The Wedding Date Jasmne Guillory Wintersong S Jae-Jones Hollywood Dirt Alessandra Torre

The Wedding Date by Jasmine Guillory
Hummm, I didn’t love neither hate this book. While it was entertaining, I didn’t buy the romance at all. It was just not for me, which was disappointing, being one of the few contemporary romances I’ve ever read. Also I found out that ~sexy scenes on Audiobooks just aren’t for me.
Rating: ★★★☆☆

Wintersong by S. Jae-Jones
I am so in love with this book. It’s got a lush, dark world building, a mysterious Goblin king, a talented main character, there’s lots of music and pain and love. It broke my heart.
Rating: ★★★★★

Hollywood Dirt by Alessandra Torre
This was okay. I gave it 4 instead of 3 stars because the steamy scenes were SO sexy and because the main character had a no-nonsense personality, which I really appreciated.
Rating: ★★★★☆

Continue reading

Dear gringos, the Portuguese word “Saudade” doesn’t mean what you make it sound like

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Hello readers,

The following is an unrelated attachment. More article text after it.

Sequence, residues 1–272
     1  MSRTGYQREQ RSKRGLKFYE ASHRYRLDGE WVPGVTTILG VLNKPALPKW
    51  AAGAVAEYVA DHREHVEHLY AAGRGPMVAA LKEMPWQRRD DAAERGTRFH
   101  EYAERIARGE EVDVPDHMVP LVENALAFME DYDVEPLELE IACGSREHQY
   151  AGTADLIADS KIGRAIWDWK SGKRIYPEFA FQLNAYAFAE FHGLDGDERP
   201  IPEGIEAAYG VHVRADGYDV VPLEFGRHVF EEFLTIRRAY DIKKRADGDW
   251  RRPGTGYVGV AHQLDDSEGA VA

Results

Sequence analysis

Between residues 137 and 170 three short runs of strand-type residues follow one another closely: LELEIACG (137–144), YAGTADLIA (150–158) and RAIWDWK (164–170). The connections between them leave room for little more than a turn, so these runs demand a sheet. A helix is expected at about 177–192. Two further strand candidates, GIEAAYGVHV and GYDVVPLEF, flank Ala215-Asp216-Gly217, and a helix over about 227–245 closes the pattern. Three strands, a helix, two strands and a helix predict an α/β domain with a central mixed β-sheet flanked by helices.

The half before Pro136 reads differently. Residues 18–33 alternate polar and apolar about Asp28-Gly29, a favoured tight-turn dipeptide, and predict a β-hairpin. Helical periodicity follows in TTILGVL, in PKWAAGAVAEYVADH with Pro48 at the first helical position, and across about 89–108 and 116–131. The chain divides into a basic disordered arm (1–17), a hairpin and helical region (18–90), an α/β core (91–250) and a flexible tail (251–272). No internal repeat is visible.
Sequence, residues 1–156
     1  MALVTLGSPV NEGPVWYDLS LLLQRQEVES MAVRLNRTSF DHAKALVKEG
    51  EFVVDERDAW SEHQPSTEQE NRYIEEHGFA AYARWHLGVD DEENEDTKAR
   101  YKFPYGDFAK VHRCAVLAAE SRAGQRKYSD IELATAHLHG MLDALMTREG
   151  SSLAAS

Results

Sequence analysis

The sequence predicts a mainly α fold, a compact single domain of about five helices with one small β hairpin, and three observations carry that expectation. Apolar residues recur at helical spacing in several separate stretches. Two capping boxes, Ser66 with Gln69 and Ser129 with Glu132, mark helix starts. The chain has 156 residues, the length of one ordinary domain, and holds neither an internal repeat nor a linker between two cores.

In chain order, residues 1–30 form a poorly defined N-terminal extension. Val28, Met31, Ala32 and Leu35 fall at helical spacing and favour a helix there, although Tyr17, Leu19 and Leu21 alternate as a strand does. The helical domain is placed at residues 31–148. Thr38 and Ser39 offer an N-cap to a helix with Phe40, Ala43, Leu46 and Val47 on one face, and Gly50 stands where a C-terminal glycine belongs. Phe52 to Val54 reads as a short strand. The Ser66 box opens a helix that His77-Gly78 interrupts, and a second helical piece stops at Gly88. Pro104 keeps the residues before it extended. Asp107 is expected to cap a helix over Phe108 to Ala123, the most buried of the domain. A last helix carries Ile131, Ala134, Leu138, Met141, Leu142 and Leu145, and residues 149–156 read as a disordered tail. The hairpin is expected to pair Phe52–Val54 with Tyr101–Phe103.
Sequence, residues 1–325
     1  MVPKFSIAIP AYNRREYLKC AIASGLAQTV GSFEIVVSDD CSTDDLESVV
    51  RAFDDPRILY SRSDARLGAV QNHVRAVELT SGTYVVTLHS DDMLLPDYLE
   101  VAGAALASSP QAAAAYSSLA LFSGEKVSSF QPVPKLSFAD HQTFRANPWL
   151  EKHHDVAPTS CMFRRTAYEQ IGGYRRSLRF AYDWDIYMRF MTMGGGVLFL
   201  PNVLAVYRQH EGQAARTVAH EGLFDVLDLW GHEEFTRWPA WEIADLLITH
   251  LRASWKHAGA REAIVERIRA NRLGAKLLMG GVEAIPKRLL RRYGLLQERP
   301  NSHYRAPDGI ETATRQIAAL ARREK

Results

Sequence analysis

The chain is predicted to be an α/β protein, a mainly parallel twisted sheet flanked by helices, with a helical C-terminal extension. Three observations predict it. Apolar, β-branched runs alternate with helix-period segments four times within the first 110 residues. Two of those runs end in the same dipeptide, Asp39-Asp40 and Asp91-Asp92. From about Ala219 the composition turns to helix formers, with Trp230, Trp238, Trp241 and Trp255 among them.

It’s national day of saudade in Brazil! Feliz dia da saudade! 🙂

As you know, I am from Brazil, and my native tongue is Portuguese. It’s one of the so-called romance languages, and it sounds, as I’ve been told, like a French person trying to speak Spanish. While I am not sure of the accuracy of this statement (I hardly think I sound French), one thing is for sure: I have seen quite a few articles and books mentioning a particular word from my language that seems to be driving gringos to swoon: saudade.

From Michaelis Dictionary, here is what the word means:

saudade
sau·da·de

sf
1 Sentimento nostálgico e melancólico associado à recordação de pessoa ou coisa ausente, distante ou extinta, ou à ausência de coisas, prazeres e emoções experimentadas e já passadas, consideradas bens positivos e desejáveis; sodade, soidade.

Translation:

Nostalgic and melancholic feeling associated to the remembrance of the person or thing absent, distant or extinct, or the absence of things, pleasures and emotions experimented and already past, considered positive and desirable goods. Continue reading

Scribd: Is it worth it?

Hello readers!

So I have gotten Scribd for a free month trial after reading about it in Misty’s post Apps I Use For All Things Bookish, and decided to write this post about how it went, what I read and how it compares to Kindle Unlimited and Audible! If you’re anything like me, the words “Netflix for books” is sure to catch your attention. So – is Scribd your long-dreamed-of Netflix for books??